Wooden, 99, resting comfortably Friday

LOS ANGELES -- Former UCLA basketball coach and Hall of Famer John Wooden is hospitalized at Ronald Reagan UCLA Medical Center and resting comfortably, the university said in a statement Friday.

Wooden was admitted to the hospital on May 26 due to dehydration, the school said. He is surrounded by his family and at their, no other information about his condition will be released. In UCLA's statement, Wooden's family and the university thanked Wooden's fans for their prayers.

The school said that there would be no further updates on Wooden's condition on Friday.

Television station KCAL in Los Angeles first reported Wooden's hospitalization, and the Los Angeles Times confirmed it through school sources. Both outlets described his condition Thursday night as "grave."

The university would not confirm the reports.

Former UCLA and Los Angeles Lakers star Jamaal Wilkes told The Associated Press on Friday that he visited Wooden in his hospital room twice this week and they chatted briefly.

Wilkes says Wooden recognized him and that the coach's mind remains "sharp as a tack," although he says the Wooden's body is "very, very frail."

Former Bruins star Bill Walton told The Associated Press from the NBA Finals that he last visited with Wooden two days ago at the hospital.

"He's the greatest," Walton said, his voice catching. "We love him."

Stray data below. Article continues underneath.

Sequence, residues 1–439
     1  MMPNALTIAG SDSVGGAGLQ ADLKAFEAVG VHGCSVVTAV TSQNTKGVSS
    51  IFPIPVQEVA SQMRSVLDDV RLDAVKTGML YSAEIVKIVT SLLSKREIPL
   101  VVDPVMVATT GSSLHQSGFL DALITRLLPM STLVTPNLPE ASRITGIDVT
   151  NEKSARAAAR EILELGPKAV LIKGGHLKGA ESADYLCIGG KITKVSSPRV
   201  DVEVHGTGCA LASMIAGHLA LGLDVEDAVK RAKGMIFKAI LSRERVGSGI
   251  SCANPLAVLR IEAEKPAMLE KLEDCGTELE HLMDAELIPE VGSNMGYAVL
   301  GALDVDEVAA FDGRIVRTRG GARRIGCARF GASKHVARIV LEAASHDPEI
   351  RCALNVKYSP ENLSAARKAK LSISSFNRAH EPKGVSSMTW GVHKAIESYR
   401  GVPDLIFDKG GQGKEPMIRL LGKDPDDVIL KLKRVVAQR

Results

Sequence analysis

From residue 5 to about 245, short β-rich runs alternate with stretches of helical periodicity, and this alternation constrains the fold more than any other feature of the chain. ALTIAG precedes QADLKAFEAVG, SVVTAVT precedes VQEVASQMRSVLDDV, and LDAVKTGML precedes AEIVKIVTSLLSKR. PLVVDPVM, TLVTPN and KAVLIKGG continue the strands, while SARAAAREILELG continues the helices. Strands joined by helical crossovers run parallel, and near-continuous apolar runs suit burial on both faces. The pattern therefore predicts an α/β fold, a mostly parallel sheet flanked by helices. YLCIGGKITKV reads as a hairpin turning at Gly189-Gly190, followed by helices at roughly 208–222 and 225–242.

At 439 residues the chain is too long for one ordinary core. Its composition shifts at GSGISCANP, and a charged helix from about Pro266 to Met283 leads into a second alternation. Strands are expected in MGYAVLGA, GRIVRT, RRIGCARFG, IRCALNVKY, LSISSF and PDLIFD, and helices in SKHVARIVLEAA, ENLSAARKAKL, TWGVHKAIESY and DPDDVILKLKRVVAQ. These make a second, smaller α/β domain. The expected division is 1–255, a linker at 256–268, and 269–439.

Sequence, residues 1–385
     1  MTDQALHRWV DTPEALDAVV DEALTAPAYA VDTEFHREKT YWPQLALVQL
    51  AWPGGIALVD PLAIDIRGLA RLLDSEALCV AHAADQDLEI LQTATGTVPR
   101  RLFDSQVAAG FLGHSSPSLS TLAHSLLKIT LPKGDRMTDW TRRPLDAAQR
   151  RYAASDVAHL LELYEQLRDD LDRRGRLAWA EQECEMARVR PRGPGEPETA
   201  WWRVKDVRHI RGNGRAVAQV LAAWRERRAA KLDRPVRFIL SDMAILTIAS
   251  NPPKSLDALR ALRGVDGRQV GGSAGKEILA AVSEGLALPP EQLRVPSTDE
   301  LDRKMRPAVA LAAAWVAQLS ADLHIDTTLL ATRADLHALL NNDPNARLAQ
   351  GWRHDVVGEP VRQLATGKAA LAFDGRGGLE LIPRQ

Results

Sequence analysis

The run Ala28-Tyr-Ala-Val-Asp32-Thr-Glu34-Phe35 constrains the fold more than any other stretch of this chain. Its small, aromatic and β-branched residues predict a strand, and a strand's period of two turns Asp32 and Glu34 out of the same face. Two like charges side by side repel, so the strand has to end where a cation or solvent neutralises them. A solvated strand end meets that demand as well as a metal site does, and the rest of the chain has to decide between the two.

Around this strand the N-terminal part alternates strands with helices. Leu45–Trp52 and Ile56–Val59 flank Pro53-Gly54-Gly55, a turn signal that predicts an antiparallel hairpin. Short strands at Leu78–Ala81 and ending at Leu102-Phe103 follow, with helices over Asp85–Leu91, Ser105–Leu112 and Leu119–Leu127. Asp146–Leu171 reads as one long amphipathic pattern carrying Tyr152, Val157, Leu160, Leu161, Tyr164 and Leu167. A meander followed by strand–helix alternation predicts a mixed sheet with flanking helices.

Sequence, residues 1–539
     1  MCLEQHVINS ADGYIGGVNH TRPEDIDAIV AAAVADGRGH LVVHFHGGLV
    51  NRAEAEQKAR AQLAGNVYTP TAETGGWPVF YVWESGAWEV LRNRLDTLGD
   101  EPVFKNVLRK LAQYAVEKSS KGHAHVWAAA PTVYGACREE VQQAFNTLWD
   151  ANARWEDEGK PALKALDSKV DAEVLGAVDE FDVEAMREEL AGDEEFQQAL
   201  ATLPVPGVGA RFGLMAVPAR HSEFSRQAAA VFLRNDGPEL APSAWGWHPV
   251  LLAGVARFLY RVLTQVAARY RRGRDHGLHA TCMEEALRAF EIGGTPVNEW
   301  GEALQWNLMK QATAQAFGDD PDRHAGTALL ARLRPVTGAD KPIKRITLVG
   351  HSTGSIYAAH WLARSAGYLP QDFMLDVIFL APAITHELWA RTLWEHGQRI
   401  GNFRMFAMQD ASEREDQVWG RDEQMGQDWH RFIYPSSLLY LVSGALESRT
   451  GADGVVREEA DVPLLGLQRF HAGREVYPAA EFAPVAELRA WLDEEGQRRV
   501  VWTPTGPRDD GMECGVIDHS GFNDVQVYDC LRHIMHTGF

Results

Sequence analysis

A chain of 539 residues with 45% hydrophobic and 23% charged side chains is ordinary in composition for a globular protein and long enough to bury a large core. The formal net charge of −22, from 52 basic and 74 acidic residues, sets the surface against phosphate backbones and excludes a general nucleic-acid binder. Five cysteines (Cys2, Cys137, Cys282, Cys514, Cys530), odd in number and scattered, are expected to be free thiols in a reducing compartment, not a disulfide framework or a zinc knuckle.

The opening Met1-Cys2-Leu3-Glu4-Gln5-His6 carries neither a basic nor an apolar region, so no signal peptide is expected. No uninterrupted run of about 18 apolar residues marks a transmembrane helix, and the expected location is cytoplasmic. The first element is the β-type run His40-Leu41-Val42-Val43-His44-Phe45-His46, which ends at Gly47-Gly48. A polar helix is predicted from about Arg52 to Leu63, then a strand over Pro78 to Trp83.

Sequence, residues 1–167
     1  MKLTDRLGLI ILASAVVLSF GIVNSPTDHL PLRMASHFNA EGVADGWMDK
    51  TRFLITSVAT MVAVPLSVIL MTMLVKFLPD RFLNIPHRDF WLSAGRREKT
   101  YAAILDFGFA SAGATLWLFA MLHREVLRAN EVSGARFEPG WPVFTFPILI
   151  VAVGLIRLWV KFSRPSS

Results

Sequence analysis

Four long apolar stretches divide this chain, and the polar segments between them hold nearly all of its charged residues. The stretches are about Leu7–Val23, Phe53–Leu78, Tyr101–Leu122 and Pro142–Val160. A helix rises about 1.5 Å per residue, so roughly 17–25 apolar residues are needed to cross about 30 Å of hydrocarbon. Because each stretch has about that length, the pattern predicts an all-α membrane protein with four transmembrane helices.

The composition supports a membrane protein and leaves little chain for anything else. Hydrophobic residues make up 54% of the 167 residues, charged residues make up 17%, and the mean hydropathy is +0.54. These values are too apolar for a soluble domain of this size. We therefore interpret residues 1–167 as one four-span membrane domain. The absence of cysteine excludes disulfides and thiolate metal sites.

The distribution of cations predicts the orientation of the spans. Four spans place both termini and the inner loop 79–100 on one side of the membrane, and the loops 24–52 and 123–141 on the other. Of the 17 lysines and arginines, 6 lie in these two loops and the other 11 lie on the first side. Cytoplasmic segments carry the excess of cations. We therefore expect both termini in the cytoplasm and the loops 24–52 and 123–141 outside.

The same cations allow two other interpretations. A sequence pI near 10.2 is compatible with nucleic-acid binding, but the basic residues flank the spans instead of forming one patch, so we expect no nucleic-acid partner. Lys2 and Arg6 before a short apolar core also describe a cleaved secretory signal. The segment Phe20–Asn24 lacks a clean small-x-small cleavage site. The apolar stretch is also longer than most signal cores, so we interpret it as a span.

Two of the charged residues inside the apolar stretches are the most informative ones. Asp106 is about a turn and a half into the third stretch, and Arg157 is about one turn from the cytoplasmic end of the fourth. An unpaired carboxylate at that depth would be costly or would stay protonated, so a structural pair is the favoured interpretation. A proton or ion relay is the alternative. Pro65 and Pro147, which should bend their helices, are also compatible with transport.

Walton also would not comment on Wooden's condition.

Wooden, the former UCLA coach and a Collegiate Basketball Hall of Famer, has been confined to a wheelchair after a series of minor health setbacks in recent years. He was hospitalized briefly a month ago and spent weeks in the hospital a year ago while being treated for pneumonia.

UCLA spokesman Marc Dellins told the AP he spoke to a Wooden family member Thursday evening and the family asked that no other information about Wooden be released.

UCLA Medical Center spokeswoman Roxanne Moster said she couldn't confirm whether Wooden was there or not because it would be a "violation of medical privacy laws."

Family members and UCLA staff would not comment to ESPN.com.

Earlier Thursday, former Lakers coach Bill Sharman, with his wife, Joyce, visited Wooden at UCLA Medical Center.

"I talked to him before [Game 1 of the NBA Finals]. He could talk a little bit, and he could see who you were, but you could see it was going downhill," Sharman told ESPNLosAngeles.com.

Though Wooden could barely talk, Sharman said, Wooden said what he needed to.

"We said goodbye today," Sharman said. "I think he realized it."

Wooden led the Bruins to 10 NCAA championships -- at one time winning seven in a row -- during a 27-year run that ended with his team cutting down the nets one last time in 1975.

The Bruins won 88 consecutive games from 1971 to 1974 and 38 consecutive NCAA tournament games from 1964 to 1974, both records.

Before Thursday's Game 1 of the NBA Finals between the Los Angeles Lakers and Boston Celtics, NBA commissioner David Stern was asked about Wooden's contributions to the sport of basketball.

"We decided that we would not declare his obituary now, other than to say that he's the winningest coach in our history, four 30-0 seasons, and the ultimate aficionado of our game," Stern said. "We hope he's in peace right now, and we'll wait on events."

Walton and Stern weren't the only people at the Finals thinking of Wooden.

"My heart goes out to him and his family," Lakers guard Derek Fisher said after Los Angeles' win over Boston in Game 1. "He's meant so much to the game of basketball and to Los Angelenos in particular. I don't think there's anyone other than maybe Magic Johnson who can even come close to being as important in the history of basketball here in Southern California as John Wooden."

Information from ESPN.com's Andy Katz, ESPNLosAngeles.com and The Associated Press was used in this report.